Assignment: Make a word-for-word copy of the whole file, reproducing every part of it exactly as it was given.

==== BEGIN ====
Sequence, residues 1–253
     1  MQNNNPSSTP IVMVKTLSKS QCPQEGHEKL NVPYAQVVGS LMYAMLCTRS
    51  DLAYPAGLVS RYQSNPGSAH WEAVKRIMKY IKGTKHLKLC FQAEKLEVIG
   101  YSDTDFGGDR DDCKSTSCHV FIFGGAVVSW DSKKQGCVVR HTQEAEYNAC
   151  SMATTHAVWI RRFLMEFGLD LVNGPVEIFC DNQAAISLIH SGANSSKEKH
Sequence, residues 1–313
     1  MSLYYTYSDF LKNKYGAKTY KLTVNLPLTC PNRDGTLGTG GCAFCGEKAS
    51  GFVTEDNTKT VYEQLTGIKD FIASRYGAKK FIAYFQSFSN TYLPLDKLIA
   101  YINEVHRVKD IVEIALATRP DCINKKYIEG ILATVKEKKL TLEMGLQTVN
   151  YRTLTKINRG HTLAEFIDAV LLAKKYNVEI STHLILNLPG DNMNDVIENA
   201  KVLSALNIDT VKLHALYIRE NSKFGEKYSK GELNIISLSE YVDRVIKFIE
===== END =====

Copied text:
Sequence, residues 1–253
     1  MQNNNPSSTP IVMVKTLSKS QCPQEGHEKL NVPYAQVVGS LMYAMLCTRS
    51  DLAYPAGLVS RYQSNPGSAH WEAVKRIMKY IKGTKHLKLC FQAEKLEVIG
   101  YSDTDFGGDR DDCKSTSCHV FIFGGAVVSW DSKKQGCVVR HTQEAEYNAC
   151  SMATTHAVWI RRFLMEFGLD LVNGPVEIFC DNQAAISLIH SGANSSKEKH
Sequence, residues 1–313
     1  MSLYYTYSDF LKNKYGAKTY KLTVNLPLTC PNRDGTLGTG GCAFCGEKAS
    51  GFVTEDNTKT VYEQLTGIKD FIASRYGAKK FIAYFQSFSN TYLPLDKLIA
   101  YINEVHRVKD IVEIALATRP DCINKKYIEG ILATVKEKKL TLEMGLQTVN
   151  YRTLTKINRG HTLAEFIDAV LLAKKYNVEI STHLILNLPG DNMNDVIENA
   201  KVLSALNIDT VKLHALYIRE NSKFGEKYSK GELNIISLSE YVDRVIKFIE